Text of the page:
Mountaintop Mining: Crisis in Appalachia
Traveling through West Virginia, Michael Hendryx passes through two worlds. One has forested hills, trees cresting up and over the mountains, the hum of endless streams lending the setting an organic soundtrack. It’s almost heaven. The other world is the opposite.
“When you get down to the areas where the mining is brutal, it’s horrible in terms of both the environmental devastation and the impacts on the communities that are there,” says Hendryx, a professor of public health at West Virginia University, where he studies the impacts of mountaintop coal removal on community health. To unlock coal seams 650 feet below the earth’s surface, mining companies engage in something called “mountaintop mining with valley fill.” They decapitate mountains, blasting off their peaks with explosives, then dispose of the debris in valleys below. These coalfields cover more than 18,500 square miles—double the size of the state of Vermont—in Kentucky, Tennessee, Virginia, and West Virginia.
Illinois native Hendryx arrived in the Mountain State in 2006. Since then he’s discovered that the rates of birth defects, cancer, heart and lung diseases, and even tooth loss are all higher in the communities closest to mountaintop removal mines. Almost 20 peer-reviewed papers later, Hendryx and his colleagues have built a strong case against the practice as an assault on public health through air and water contamination.
The book Big Coal, by Jeff Goodell, inspired Hendryx to launch his first study. Once he began, he found a serious oversight—no one had actually studied mountaintop removal mining’s impact on public health.
“Basically nothing—nothing—had been done about this topic,” Hendryx says. So he began a series of studies to compare the health of people who live in mining areas with the health of those who live in nonmining areas. “I started finding things, and it just went from there.”
Since the 1970s, mountaintop removal has blanketed valleys with tons of rock and dust, leaching selenium, manganese, and other substances into streams and groundwater supplies. Slurry—what’s left after separating the coal from other material—further contributes arsenic, mercury, lead, and chromium to water. In high enough doses, these elements are toxic to animals. A 2011 study found that children born in mountaintop removal communities had a 26 percent higher risk of birth defects—particularly in their respiratory and circulatory systems.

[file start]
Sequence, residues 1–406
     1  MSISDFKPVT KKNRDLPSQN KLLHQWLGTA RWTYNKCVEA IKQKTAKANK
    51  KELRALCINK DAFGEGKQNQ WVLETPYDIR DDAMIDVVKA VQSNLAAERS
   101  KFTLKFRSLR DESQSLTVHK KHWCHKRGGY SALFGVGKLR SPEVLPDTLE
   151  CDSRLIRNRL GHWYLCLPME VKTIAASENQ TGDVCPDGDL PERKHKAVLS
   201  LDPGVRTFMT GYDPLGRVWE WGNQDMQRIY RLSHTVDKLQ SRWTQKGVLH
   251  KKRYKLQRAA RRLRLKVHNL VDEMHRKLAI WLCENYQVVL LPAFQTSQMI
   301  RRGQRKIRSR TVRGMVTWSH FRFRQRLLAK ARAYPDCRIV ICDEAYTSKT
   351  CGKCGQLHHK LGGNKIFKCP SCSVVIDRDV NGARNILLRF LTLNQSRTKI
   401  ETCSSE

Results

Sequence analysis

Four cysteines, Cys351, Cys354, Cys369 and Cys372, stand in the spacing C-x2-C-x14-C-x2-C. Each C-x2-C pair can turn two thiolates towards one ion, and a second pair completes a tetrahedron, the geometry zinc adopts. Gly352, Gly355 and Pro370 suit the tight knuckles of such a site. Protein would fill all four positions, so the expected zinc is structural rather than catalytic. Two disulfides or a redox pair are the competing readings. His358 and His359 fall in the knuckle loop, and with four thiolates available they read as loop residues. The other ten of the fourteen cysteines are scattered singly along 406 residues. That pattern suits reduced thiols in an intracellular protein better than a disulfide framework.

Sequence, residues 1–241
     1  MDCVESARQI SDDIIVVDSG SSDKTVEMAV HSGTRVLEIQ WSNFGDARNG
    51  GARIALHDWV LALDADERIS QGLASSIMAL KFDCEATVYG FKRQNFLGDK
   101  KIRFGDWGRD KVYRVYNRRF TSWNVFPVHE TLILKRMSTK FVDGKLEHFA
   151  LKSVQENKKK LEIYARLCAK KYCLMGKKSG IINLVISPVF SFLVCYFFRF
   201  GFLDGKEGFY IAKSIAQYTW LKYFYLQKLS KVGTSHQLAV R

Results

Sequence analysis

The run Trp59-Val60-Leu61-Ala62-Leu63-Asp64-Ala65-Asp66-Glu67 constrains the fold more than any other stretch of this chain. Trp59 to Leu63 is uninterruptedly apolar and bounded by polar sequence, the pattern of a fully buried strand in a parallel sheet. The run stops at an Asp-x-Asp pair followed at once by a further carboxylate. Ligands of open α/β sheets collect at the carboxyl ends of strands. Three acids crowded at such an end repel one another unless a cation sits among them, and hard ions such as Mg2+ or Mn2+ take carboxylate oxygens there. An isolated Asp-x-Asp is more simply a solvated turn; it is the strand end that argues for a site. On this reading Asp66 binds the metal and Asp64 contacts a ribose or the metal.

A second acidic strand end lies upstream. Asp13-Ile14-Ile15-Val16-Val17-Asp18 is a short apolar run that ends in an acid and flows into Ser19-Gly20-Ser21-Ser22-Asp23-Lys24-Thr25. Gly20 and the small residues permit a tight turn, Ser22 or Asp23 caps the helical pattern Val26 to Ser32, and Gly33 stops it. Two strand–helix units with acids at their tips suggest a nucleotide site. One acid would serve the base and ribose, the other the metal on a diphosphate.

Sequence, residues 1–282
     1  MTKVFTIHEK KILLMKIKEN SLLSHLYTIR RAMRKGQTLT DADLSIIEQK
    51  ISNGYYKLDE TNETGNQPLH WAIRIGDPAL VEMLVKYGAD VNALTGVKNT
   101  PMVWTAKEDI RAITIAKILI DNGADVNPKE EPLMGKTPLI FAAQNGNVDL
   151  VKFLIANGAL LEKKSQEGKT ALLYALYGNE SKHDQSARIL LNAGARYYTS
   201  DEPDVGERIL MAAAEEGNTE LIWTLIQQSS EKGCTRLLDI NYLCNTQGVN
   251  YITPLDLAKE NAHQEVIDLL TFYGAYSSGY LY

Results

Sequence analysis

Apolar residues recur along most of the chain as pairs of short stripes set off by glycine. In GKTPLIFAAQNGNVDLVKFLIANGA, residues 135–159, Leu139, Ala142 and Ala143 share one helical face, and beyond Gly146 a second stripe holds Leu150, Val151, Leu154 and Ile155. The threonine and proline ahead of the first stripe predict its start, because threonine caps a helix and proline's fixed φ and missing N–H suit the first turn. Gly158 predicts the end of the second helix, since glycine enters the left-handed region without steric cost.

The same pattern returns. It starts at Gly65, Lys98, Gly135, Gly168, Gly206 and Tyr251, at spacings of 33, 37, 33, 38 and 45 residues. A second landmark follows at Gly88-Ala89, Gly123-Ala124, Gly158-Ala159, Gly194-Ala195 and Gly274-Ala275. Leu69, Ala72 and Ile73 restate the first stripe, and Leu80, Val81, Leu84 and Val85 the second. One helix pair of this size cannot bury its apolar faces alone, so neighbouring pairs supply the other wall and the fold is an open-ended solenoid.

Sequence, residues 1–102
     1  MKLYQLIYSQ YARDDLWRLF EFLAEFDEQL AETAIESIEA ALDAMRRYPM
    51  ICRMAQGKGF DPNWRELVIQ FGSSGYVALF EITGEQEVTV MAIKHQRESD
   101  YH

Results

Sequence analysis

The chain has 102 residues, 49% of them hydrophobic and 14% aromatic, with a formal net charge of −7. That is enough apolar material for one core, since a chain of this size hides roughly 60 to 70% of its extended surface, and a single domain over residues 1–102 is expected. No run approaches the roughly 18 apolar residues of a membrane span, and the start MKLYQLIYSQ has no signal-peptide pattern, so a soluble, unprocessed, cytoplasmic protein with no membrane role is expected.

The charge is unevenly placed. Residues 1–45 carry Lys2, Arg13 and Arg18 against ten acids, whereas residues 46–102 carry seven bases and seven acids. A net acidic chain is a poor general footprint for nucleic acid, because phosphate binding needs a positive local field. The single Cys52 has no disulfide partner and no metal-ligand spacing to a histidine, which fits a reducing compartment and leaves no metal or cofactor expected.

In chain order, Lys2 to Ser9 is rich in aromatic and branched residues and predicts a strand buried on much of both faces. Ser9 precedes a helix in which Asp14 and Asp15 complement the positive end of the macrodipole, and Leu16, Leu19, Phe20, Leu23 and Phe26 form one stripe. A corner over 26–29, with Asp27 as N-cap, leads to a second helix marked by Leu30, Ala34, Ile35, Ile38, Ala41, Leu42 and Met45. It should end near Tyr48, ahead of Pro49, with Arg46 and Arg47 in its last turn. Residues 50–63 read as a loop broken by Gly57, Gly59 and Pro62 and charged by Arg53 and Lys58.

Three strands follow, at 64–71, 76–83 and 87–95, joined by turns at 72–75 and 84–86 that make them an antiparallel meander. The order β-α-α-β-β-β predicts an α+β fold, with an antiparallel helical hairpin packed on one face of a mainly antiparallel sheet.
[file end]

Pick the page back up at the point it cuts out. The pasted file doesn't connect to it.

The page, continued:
For these mining communities, the bigger health problem seems to come from breathing air laced with coal particles and other materials. By placing filters with air pumps in residential areas close to mining sites, Hendryx and his colleagues collected dust to bring back to the lab for animal testing. When breathed in, the dust—full of silica, sulfur, aluminum, and organic carbon from coal and other debris—affects the body’s network of vessels that carry blood to and from the heart. And the high rates of heart disease, lung disease, and lung cancer in mountaintop removal mining communities point to chronic stress on people’s vascular systems.
Scientists across disciplines agree this type of mining is bad news for the environment. In 2010, a group of researchers authored a paper in the journal Science recommending a halt to the practice, warning that it was causing irreversible environmental damage. But for Hendryx the lack of action from the government in the face of overwhelming scientific evidence points to one of Appalachia’s biggest problems: poverty.
“It would never happen in Puget Sound. It would never happen on the North Shore of Chicago or in Hollywood or suburban Connecticut. Never,” he says. “It happened in Appalachia because the people are poor and they don’t have any economic power.”
The Environmental Protection Agency tried in 2012 to issue more stringent guidelines based on provisions in the federal Clean Water Act, an attempt struck down by the courts. Hendryx was incredulous. “I can’t believe that anyone really wants to go back to the days we didn’t have the EPA, the days when the Cuyahoga River was on fire,” he says. “Because that’s what we’re facing again.”
WHAT YOU CAN DO
If You Have a Minute…
Do you blog? Go to www.ilovemountains.org and sign up for the Bloggers Challenge to share news about mountaintop removal mining with your readers. Receive a free Spread the Word widget when you sign up.
If You Have an Hour…
Write a letter to your congressional representative in support of the Appalachian Communities Health Emergency Act, which would place a moratorium on new mountaintop removal coal mines until studies can show the practice poses no threat to community health. Track the bill at govtrack.us/congress/bills/112/hr5959.
If You Have a Month…
Plan a trip to southern Appalachia to visit the coalfields and volunteer with a grassroots organization fighting mountaintop removal. As a volunteer you might test water, organize communities, write grants, or join a nonviolent protest. Apply through the umbrella organization Mountain Justice at mountainjustice.org/join/coalfields.php.
If You Have $100…
The organization Appalachian Community Health Emergency is campaigning to educate government leaders about the impacts of mountaintop removal mining and to lobby Congress to put a stop to the practice. Learn more and donate at www.acheact.org.